IRA victim's sister buoyed by support after telling about depression battle
Victims' campaigner Ann Travers has said she has been heartened by the many messages of support she received after opening up on social media about her struggle to cope with the long-term effects of the IRA ambush that claimed the life of her sister Mary.
Writing on Twitter, Ms Travers said: "Tonight I'm feeling very 'down'.
"This happens for periods of my life, a consequence of the trauma suffered when the IRA attacked my family and stole our lives that we should have had, along with education successes and all of those goals that should have been reached."
Mary, a teacher, was just 22 when she was shot dead by a gang that was targeting her magistrate father Tom Travers.
The ambush happened as the Travers family walked home from Mass at St Brigid's Church in south Belfast on April 8, 1984.
While Mr Travers was shot six times and survived, a single shot to the back killed his daughter.
An attempt to shoot the girls' mother only failed when the terrorist's weapon jammed at point-blank range.
Last night the campaigner said she had been buoyed by the support she had received after her admission that she was feeling low.
"It's been heartening, because sometimes I think the long-term after effects of terrorism are not very well understood," she said.
"They can last a lifetime. But the outpouring of support I've received - a lot of it from people I have never met - has been wonderful.
"Many were in the same boat as me and understood the pressures, and understood what victims may be going through."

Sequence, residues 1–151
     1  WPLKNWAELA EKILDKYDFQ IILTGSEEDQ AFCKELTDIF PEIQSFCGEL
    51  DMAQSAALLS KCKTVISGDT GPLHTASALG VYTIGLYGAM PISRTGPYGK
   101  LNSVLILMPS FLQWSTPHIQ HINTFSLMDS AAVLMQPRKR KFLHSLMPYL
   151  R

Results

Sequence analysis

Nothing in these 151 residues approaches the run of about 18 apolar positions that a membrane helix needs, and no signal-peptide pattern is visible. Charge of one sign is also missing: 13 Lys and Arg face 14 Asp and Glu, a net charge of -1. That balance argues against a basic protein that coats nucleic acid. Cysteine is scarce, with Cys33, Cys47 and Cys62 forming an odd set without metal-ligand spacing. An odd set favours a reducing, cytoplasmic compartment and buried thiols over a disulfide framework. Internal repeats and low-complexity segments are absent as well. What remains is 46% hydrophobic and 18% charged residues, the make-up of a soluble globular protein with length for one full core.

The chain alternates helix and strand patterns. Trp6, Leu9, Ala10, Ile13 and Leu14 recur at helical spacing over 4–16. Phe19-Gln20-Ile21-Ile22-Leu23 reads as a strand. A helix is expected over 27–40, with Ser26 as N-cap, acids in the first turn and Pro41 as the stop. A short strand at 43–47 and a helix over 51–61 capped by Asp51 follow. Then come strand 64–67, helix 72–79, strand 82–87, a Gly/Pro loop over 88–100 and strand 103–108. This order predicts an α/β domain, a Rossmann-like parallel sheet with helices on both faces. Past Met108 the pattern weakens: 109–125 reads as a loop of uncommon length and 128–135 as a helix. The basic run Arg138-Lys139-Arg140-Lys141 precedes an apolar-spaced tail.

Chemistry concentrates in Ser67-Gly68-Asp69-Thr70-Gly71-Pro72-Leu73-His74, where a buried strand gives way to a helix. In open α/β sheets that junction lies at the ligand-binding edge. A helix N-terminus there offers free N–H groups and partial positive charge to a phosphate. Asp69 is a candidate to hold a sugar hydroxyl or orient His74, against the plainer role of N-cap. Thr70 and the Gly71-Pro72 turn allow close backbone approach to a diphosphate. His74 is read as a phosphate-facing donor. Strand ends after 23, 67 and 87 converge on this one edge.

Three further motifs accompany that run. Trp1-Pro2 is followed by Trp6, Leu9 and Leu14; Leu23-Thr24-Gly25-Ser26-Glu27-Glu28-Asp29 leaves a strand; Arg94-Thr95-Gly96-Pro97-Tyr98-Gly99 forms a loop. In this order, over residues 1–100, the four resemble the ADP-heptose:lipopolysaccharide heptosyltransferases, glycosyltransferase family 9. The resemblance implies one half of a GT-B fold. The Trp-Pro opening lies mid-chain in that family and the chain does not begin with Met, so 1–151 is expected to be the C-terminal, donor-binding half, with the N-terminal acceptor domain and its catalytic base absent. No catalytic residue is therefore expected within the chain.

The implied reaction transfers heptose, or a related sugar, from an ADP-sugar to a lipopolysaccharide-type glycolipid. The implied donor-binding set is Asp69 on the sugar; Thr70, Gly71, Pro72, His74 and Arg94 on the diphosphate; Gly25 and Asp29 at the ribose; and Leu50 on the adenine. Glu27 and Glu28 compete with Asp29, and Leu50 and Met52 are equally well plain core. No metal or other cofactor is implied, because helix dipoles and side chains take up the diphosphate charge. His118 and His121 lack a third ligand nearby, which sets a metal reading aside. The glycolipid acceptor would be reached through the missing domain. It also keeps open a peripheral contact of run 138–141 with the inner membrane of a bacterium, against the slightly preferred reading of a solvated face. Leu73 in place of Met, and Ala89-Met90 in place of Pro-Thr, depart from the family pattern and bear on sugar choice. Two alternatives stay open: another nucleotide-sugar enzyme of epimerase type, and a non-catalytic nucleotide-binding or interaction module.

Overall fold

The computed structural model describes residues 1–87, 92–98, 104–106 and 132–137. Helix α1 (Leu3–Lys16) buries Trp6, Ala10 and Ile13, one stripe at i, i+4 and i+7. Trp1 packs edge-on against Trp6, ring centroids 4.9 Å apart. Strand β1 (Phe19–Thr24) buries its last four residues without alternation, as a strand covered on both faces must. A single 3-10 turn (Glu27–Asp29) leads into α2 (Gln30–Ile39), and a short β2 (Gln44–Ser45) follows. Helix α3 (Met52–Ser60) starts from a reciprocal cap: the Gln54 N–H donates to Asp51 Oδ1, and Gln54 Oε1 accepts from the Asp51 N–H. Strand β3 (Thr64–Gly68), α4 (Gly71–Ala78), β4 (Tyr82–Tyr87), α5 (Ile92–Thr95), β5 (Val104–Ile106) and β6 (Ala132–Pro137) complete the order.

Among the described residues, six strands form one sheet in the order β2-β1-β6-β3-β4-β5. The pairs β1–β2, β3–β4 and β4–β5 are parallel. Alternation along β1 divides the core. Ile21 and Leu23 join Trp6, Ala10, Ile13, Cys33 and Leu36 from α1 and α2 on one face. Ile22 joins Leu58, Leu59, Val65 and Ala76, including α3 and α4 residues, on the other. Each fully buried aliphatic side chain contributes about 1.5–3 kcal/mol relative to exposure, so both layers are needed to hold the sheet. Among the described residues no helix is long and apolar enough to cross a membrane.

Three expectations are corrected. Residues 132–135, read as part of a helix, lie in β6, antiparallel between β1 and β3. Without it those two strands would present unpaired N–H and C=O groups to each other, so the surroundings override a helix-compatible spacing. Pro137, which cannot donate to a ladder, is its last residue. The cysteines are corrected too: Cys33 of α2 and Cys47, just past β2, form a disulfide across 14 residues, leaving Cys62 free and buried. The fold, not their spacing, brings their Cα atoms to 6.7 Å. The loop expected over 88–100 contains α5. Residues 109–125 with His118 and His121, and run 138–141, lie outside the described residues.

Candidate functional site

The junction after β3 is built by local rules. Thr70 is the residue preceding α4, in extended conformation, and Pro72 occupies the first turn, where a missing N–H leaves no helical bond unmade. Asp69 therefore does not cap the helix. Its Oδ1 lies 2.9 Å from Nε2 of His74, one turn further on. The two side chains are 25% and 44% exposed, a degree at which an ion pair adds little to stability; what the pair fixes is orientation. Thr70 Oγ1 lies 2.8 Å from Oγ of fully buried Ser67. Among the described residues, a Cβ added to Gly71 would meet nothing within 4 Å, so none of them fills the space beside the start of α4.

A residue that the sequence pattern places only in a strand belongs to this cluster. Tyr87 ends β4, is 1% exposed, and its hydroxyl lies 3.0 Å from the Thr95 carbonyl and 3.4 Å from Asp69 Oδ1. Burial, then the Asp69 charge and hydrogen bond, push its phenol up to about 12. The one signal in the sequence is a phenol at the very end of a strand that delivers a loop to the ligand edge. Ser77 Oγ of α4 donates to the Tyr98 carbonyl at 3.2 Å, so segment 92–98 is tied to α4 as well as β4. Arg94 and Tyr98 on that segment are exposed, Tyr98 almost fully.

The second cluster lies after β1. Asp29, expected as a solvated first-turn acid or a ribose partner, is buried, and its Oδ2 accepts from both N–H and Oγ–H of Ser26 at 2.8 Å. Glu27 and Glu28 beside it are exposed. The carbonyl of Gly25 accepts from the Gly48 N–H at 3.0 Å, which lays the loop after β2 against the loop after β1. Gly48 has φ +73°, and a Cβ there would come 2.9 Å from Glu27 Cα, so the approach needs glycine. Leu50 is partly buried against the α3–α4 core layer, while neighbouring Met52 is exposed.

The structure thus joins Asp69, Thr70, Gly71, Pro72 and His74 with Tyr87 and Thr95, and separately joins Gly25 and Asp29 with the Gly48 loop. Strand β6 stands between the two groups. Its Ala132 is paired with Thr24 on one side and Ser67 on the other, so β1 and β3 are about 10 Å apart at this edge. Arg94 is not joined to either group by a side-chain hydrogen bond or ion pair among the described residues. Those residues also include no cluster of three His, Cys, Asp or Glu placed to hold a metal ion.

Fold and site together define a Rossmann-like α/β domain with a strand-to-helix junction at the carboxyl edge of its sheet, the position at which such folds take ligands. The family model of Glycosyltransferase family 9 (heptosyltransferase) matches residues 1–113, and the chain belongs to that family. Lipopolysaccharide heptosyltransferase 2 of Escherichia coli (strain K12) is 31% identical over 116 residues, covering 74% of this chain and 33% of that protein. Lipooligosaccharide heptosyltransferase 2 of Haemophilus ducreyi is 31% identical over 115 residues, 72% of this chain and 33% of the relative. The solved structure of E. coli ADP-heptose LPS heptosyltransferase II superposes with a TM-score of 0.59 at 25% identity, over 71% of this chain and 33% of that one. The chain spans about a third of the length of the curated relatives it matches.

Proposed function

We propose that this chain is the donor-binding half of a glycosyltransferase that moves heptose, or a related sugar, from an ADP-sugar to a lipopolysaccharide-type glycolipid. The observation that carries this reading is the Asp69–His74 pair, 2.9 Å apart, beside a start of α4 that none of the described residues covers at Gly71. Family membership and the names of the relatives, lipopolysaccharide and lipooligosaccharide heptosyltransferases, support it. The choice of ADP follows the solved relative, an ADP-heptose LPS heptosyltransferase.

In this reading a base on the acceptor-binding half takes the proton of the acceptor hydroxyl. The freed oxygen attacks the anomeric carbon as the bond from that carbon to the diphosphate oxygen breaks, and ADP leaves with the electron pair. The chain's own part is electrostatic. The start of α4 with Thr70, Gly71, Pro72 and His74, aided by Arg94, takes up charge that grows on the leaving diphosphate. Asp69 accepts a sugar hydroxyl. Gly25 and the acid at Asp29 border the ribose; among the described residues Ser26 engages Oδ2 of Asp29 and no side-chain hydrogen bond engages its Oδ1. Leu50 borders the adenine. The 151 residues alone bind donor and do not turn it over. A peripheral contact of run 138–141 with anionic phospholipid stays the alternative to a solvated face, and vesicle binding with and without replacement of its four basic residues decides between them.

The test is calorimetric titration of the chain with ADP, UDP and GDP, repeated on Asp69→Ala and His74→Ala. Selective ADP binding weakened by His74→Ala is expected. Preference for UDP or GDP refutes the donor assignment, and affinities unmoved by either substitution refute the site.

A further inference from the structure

But among the messages of support were calls for her to "move on".
One man posted: "People suffered but everyone needs to move on otherwise graveyard be full of bitter people. Time to move on!"
Ann replied: "Victims aren't bitter people, they are traumatised and grieving people."
Ms Travers said last night that she could not understand the mentality of people who post hurtful comments about Troubles victims.
"They have no empathy. Even if you don't agree with someone, or think that my family got what we deserved, to go through your life wishing more unhappiness on someone is just... bizarre," she said.
She also called for a specialist unit to help victims cope with mental health issues.
"It's important to raise awareness across the UK and Ireland of the need for specialised mental health resources to help the many people who are suffering mental health issues as a result of Troubles incidents," she said.
She added: "Counselling services are very good.
"At the same time I feel we really need a physical place, a specialist unit with dedicated professional psychologists and psychiatrists who are experts in the field.
"Many people who have been damaged by the Troubles received little help at the time, which could have been up to 40 years ago."